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  • Writer's pictureYimin Xu

Is milk healthy: these 3 crazy facts may really surprise you

While the dairy industry promotes milk as a mandatory part of a healthy diet, we believe that the opposite is true. Milk and dairy products are both unnecessary and suboptimal for healthy living.

1) 75% of people are lactose intolerant

The human body is designed to digest lactose (a carbohydrate that makes up about 60% of breast milk calories) at the baby stage. However, as we grow beyond 2-4 years old, our bodies begin to produce less lactase enzyme as a result of weaning. The inability to produce lactase enzyme diminishes our ability to digest milk[1]. It is therefore unsurprising that 65-75% of the global population are actually lactose intolerant, although this percentage varies across different populations[2]. In short, we were never designed to continue drinking milk, let along the cow’s milk, beyond the natural age of weaning.

2) Dairy farming and estrogen

Like humans, cattle are pregnant for 9 months. Dairy cows produce milk for about 10 months after calving. In commercial dairy cattle production, farmers aim for their cows to calve every 12 months. This means every year, cows have only 2 months of dry period during which they rest. However, by the time they reach the dry period, they would have been 7 months pregnant, while producing milk this whole time[3]. Studies have shown that concentrations of estrogen in the milk from pregnant cows are over 30 times higher than in the milk from non-pregnant cows[4]. Together with the cheese, red meats, processed meats typically found in a standard Western diet, we are now much more exposed to increased estrogen levels from our food than 100 years ago. In contrast, eating more fruits, vegetables, legumes, and whole grains are not associated with any sex hormones[5].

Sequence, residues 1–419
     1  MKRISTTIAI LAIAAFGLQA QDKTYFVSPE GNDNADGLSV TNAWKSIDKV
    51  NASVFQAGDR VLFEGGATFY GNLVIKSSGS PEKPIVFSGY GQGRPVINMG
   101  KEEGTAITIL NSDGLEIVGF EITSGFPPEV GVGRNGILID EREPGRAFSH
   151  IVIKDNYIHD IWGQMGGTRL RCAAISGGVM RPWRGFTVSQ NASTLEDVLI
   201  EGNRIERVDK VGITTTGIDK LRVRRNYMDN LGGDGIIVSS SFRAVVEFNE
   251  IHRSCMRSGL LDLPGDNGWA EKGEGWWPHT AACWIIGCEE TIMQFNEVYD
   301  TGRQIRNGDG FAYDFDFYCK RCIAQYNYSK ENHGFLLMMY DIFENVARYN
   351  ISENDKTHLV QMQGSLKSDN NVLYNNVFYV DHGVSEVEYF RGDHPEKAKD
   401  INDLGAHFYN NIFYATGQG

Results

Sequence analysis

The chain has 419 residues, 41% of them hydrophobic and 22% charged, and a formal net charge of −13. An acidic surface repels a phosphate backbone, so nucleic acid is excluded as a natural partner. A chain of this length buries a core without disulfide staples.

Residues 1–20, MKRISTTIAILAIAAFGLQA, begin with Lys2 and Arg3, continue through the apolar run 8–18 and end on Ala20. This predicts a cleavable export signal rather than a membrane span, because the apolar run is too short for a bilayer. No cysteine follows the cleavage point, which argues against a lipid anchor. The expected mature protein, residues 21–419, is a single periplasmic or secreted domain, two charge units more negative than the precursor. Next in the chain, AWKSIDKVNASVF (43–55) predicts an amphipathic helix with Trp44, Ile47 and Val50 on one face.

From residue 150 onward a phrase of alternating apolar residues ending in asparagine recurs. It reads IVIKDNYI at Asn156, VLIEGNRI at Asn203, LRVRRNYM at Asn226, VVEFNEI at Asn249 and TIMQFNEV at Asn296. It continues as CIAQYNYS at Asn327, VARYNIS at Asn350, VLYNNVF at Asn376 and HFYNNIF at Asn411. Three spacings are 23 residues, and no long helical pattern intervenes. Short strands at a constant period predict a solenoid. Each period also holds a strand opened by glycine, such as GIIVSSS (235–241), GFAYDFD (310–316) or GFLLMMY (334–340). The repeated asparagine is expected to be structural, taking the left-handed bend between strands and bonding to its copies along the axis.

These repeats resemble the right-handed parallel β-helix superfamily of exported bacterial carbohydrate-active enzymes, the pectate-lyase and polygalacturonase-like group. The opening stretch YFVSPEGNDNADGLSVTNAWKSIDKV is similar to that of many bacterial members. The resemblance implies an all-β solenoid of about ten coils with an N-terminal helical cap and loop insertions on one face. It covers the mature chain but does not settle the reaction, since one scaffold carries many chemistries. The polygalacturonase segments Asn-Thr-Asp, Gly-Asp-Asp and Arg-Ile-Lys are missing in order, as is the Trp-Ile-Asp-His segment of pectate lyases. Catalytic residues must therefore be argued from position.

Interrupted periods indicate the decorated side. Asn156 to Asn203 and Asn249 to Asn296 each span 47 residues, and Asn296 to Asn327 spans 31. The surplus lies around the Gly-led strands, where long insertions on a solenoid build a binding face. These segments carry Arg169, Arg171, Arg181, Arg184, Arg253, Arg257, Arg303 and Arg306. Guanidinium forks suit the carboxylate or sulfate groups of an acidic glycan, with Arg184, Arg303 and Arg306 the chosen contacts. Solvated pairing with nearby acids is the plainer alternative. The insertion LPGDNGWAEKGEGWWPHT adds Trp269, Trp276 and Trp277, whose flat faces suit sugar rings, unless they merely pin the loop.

3) Whole milk and low-fat milk

The standard whole milk contains about 3.25% fat. This means per 100 grams of milk, there are 3.25 grams of fats, of which 1.86 grams are saturated fats. While this does not sound high, this translates to 48% of the calories in the whole milk. Even when you look at the 1% fat milk (aka “low-fat”), fats still contribute over 20% of the calories in milk, most of which are saturated.

How about cheese?

While the dairy industry often advertises cheese as a source of protein and calcium, cheese is actually both calorie-dense and high in saturated fats. For example, 100 grams of mozzarella is 300 calories (compared with 61 calories in whole milk), and 22 grams of fats, of which 13 grams are saturated fats. This means fats contribute towards 66% of the calories in mozzarella, over half of which are saturated. Consumption of saturated fats are positively correlated with heart disease, strokes, and type-2 diabetes[6][7].

Plant-based alternatives

There are now plenty of plant-based alternatives we could choose over milk that provide the right nutrients we need. Plant-based drinks contain very low amounts of saturated fats (even compared with 1% fat milk). They are fortified with the same amount of calcium as cow’s milk (120mg per 100ml), as well as Vitamin D, Riboflavin (B2), and B12. The best part? They taste great. Luckily, we have all of this detailed information on the Plantwise app, so you never need to wing it again.

If you are motivated to eat more plant-based in your diet but feel unsure about plant-based nutrition in general, Plantwise is here to help. Sign up for our Apple App Store launch at the bottom of this page or on our homepage today for free!


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